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what is ocular decontamination, how do you flush it out

local irritation or permanent corneal damage - requires immediate treatment, flush medial to lateral


what is dermal deconamination

irritation, dermatitis


what can happen when GI decontamination locally

ingested toxins, gastric irritation -> induce vomiting


what can happen when GI decontamination centrally

chemoreceptor trigger zone (CRTZ) ->induce vomiting - the drug binds onto receptors and sends the message to the vomiting centre and then vomits


what 3 factors should be considered for GI Decontamination

-time of ingestion
-agents ingested
-clinical status of patients


how much time do you have to get out some ingested toxins

1-2 hour window, 17-62% if emesis is done within an hour


what are some contraindications for GI decontamination

1. unconscious/depressed
2.CNS stimulant
3. respiratory distress
4. strong acid/alkalis
5.gasoline/ petroleum distillates


what are 4 ways of induction for emesis

3% hydrogen peroxide, apomorphine, xylazine, syrup of ipecac


3 things to know about 3% hydrogen peroxide induction

-can do an emesis at home - can travel to hospital if less than 1 hour
-higher than 3% HP may cause severe vomiting, mucosal irritation
-1tbsp/20lbs or 1 ml /kg


5 things to know about apomorphine induction

1. stimulates the dopamine receptors in the CRTZ
2. rapid onset = first choice
3. IV/SQ? tablet and conjunctival disc
4. side effects include - protracted vomting, CNS depression/stimulation
***5. does not work on cats


2 things to know about Xylazine induction

1. side effects outweigh the benefits
2. don't use on cardiac patients


2 things to know about syrup of ipecac induction

1. gastric irritant and CRTZ stimulant
2. side effects include prolonged vomiting, cardiotoxic at high dose, hemorrhagic diarrhea, skeletal muscle weakness


what is gastric lavage

1. used when you can't use vomiting
2. administration and evacuation of liquid through an orogastric tube
3. effective within the first 1-2 hours post ingestion
4. narrow margin of safety -> lethal dose LD50 = obstruction


what does activated charcoal do in GI decontamination

-binds and traps the toxin in the GI tract and exits via feces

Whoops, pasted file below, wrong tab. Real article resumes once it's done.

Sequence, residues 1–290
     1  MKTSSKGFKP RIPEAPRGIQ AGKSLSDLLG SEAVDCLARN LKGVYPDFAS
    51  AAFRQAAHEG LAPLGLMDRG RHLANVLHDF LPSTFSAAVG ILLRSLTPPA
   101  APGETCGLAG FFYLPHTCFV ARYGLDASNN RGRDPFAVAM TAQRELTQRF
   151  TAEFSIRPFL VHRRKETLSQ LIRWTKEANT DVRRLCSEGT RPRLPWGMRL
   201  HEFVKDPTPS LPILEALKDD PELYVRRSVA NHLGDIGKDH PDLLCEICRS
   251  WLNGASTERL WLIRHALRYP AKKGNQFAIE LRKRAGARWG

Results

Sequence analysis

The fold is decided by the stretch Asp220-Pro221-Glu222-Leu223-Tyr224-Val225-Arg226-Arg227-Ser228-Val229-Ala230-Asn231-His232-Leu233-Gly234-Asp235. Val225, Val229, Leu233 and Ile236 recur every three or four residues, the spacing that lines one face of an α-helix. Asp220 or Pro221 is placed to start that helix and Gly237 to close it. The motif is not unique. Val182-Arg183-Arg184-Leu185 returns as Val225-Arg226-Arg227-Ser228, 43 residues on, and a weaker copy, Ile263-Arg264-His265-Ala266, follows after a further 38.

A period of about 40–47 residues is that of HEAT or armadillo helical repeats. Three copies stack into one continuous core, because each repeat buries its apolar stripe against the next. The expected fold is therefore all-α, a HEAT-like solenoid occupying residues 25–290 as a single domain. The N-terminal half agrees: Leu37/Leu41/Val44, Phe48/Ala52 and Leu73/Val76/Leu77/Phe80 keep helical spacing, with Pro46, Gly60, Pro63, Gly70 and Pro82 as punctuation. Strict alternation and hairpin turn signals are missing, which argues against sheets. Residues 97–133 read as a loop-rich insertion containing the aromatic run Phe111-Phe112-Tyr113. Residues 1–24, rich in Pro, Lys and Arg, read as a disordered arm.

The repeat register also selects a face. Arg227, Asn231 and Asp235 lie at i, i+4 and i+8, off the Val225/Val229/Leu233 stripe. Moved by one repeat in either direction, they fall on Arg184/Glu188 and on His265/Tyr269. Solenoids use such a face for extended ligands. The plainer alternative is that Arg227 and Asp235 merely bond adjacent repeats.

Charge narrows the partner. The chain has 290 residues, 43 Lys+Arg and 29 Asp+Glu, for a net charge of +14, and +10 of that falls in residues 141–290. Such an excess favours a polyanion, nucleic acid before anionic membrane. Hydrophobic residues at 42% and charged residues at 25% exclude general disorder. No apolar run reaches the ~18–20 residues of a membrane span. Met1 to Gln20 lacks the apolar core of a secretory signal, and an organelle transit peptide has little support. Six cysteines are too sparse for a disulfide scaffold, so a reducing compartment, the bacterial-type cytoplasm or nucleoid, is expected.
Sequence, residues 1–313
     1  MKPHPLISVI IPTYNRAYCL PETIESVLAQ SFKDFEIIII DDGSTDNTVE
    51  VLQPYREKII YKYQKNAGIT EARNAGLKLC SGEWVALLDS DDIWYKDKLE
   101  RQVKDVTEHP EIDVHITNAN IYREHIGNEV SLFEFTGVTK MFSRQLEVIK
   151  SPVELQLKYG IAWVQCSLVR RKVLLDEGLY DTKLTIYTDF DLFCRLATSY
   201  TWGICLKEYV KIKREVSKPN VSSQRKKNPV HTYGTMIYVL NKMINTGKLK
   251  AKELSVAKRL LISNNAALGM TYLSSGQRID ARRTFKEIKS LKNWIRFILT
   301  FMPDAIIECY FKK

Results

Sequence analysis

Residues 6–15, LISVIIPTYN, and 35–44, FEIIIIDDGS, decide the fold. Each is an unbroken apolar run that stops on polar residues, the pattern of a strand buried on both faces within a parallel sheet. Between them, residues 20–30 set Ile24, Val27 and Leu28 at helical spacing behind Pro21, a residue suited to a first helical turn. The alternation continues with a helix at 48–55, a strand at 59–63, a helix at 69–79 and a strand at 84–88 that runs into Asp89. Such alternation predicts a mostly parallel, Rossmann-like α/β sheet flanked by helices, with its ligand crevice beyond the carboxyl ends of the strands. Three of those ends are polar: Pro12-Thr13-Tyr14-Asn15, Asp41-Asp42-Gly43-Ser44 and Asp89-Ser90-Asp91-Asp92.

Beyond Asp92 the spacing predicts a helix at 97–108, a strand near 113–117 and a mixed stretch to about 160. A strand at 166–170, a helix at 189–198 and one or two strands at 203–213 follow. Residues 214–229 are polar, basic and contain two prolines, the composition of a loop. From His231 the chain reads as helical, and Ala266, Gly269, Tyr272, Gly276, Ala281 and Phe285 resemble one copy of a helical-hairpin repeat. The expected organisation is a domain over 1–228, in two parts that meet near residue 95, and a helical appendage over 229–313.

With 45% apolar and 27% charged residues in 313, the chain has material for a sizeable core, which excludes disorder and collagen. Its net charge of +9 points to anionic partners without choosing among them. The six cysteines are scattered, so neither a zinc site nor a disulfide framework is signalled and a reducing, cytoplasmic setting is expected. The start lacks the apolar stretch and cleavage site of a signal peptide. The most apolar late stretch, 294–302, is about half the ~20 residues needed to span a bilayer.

-does not get absorbed in the GI tract
Sorbitol/ Cathartic


can you give food with activated charcoal

you can, a small amount only because the activated charcoal may bind to the food and won't work on the animal


why would you add Carthartic (Sorbitol) with an activated charcoal?

-to accelerate the expulsion from the GI tract
- makes gastrointestinal distress when combined


which substances are not absorbed with activated charcoal

2. fertilizer
3. petroleum distillates
4. heavy metal (mercury)


when should you not use an activated charcoal with a patient

vomiting, hydrocarbon, seizure, compromised airway, caustic substance


what is toxicology

the study of poison


what are the 5 most common poisons

1. ethylene glycol toxicity
2. rodenticide toxicity
3. organophosphate toxicity
4. acetaminophen toxicit
5. phyrethrin toxicity


what do you monitory for ethylene glycol toxicity

fluid therapy, urine output, body weight, blood work


what is the lethal dose for ethylene glycol toxicity

4.4 ml/kg for dogs
0.9 ml/kg for cats


what are initial clinical signs for ethylene glycol toxicity

-dose dependant
-caused by unmetabolized EG
- ~30 min after ingestion
- CNS depression, vomiting, lethargy, seizure, ataxia, PU/PD


what should you be careful about for initial clinical signs for ethylene glycol toxicity

they may disappeared, 12 hours post ingestion but they might not actually be recovered


what are the clinical signs for ethylene glycol toxicity

-acute renal failure (dogs - 24 to 72 hrs post/ cats - 12 to 24 post)
-anuria (kidneys completely shut down) 72 to 96 hours post
-depression, anorexia, vomiting, seizures, azotemia, uremia, ptyalism, oral ulcers, hyperglycemia


what may you find in the lab for testing ethylene glycol toxicity

-metabolic acidosis
-calcium oxalate crystals both monohydrate/ dihydrate crystals


what testing can you do for ethylene glycol toxicity

EG test kit
lab test
wood's lamp


what treatment can be done for ethylene glycol toxicity

ADH inhibition - only effective when give soon enough (6 to 8 hours post exposure)


2 things about ethanol

-has a higher affinity for ADH than EG
-side effects include CNS depression, acidosis, makes hyperosmolality worse, hypoglycemia


3 things about 4 methylphyrazole (4-mp)

-strong, competitive inhibitor of ADH
-strong affinity than ethanol
-less intensive monitoring and more predictable